Now, we need to work out the number of unique users in a given time period. Like before, we’re going to use $rollup to group multiple records by minute, but we need to work out how to summarise the user column. To do this, we create a custom summarise function which calculates the number of unique users:

(defn num-unique-items
  (count (set seq)))

Then use that to modify the raw dataset and graph the resulting dataset:

(defn access-log-to-unique-user-dataset
    ($rollup num-unique-items "User" "Date" 
      (col-names (conj-cols ($map #(round-ms-down-to-nearest-min (as-millis %)) "Date" access-log-dataset) ($ "User" access-log-dataset)) ["Date" "Unique Users"])))

(defn concurrent-users-graph
  (time-series-plot :Date :User
                             :x-label "Date"
                             :y-label "User"
                             :title "Users Per Min"
                             :data (access-log-to-unique-user-dataset dataset)))

(def access-log-dataset
  (access-log-to-dataset "/path/to/access.log"))

(save (concurrent-users-graph access-log-dataset) "unique-users.png")

You can see the full source code listing here.

Continuing in a re-occurring series of posts showing my limited understanding of Clojure, today we’re using Clojure for log processing. This example is culled from some work I’m doing right now in the day job – we needed to extract usage information to better understand how the system is performing.

The Problem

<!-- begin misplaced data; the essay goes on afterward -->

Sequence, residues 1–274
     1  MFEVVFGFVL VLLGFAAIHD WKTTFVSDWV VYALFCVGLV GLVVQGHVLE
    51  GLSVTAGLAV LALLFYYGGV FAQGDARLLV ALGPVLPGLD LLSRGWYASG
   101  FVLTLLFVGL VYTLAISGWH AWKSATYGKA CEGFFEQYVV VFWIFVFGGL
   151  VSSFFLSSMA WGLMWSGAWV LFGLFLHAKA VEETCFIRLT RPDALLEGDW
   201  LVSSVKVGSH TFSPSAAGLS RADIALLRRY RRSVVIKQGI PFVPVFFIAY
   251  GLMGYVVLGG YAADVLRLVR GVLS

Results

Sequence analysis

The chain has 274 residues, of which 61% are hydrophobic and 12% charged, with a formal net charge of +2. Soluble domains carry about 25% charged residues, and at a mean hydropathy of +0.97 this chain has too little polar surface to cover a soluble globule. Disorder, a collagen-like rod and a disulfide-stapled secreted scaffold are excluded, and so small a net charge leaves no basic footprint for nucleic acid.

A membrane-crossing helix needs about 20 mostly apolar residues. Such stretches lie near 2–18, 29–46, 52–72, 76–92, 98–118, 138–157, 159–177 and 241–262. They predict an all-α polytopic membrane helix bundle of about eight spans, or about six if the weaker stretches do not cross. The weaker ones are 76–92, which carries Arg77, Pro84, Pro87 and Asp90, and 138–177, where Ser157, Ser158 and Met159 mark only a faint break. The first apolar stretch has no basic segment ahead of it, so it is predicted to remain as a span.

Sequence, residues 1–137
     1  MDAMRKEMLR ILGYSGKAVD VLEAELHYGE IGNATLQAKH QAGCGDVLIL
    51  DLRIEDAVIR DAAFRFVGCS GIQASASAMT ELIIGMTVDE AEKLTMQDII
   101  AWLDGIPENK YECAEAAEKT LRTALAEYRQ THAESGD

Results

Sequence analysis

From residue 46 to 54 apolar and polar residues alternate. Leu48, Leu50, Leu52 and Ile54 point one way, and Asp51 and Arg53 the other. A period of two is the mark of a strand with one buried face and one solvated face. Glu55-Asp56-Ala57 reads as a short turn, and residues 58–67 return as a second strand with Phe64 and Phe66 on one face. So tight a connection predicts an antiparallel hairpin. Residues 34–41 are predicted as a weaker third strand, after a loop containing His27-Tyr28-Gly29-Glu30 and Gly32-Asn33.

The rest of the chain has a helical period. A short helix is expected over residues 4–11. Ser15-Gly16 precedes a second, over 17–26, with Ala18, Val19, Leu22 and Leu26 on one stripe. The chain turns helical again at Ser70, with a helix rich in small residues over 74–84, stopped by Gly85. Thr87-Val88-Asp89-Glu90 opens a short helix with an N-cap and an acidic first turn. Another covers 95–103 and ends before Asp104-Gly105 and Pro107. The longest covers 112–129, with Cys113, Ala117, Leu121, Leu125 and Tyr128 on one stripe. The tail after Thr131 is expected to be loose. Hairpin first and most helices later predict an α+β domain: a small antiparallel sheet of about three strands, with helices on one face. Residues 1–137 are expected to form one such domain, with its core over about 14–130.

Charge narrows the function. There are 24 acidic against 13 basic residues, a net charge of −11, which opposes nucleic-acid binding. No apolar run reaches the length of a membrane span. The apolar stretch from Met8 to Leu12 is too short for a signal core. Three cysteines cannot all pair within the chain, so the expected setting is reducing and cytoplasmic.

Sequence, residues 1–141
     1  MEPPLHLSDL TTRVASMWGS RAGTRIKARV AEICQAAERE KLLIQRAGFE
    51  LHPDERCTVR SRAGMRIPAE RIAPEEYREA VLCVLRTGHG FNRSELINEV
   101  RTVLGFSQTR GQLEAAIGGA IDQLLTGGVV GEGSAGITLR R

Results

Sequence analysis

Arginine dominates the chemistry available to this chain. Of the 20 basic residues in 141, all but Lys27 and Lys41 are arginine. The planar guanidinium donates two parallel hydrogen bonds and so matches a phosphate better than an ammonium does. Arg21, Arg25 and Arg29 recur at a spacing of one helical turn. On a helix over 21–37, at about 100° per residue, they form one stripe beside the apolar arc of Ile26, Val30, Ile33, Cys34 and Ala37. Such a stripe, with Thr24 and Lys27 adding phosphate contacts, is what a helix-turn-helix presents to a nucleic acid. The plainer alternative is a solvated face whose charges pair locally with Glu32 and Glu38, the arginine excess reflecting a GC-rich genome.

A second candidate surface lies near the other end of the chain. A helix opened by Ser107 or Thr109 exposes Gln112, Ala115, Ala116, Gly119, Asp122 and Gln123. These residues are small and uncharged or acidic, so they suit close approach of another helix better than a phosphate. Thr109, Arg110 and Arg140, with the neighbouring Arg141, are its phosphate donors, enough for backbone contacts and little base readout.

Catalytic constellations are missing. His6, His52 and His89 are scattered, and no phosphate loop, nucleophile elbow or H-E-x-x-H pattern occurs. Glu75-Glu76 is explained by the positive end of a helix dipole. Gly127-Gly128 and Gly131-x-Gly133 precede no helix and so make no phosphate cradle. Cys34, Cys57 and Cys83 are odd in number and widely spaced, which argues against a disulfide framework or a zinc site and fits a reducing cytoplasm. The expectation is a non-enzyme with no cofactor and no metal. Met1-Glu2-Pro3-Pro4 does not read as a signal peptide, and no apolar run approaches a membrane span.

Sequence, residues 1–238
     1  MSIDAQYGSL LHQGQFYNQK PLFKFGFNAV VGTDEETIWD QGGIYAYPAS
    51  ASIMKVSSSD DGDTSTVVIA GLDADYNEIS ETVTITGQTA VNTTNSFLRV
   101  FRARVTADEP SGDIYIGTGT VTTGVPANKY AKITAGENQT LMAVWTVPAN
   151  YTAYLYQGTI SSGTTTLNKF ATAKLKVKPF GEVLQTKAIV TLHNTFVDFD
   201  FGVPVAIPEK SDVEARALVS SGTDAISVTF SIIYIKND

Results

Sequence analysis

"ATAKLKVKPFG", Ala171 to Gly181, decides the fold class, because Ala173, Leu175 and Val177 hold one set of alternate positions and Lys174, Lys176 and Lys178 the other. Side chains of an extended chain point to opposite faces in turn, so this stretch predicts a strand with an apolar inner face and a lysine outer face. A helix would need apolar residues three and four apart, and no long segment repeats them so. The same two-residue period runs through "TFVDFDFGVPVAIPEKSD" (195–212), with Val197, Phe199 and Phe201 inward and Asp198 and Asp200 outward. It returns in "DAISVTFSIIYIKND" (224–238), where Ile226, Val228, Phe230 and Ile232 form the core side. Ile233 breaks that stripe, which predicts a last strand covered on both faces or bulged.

We have an Apache-style access log showing hits our site. We want to process this information to extract information like peak hits per minute, and perhaps eventually more detailed information like the nature of the request, response time etc.

The log looks like this: - username 05/Aug/2010:17:27:24 +0100 "GET /some/url HTTP/1.1" 200 24 "http://some.refering.domain/" "Mozilla/5.0 (Windows; U; Windows NT 5.1; en-GB; rv: Gecko/2009040821 Firefox/3.0.9 (.NET CLR 3.5.30729)"

Extracting The Information

We want to use Incanter to help us process the data & graph it. Incanter likes its data as a sequence of sequences – so that’s what we’ll create.

First up – processing a single line. I TDD’d this solution, but have excluded the tests from the source listing for brevity.

user=> (use 'clojure.contrib.str-utils)
user=> (use '[ :only (read-lines)])

user=> (defn extract-records-from-line
  (let [[_ ip username date] (re-find #"^(d{1,3}.d{1,3}.d{1,3}.d{1,3}) - (w+) (.+? .+?) " line-from-access-log)]
    [date username]))

user=> (defn as-dataseries
  (map extract-records-from-line access-log-lines))

user=> (defn records-from-access-log
  (as-dataseries (read-lines filename)))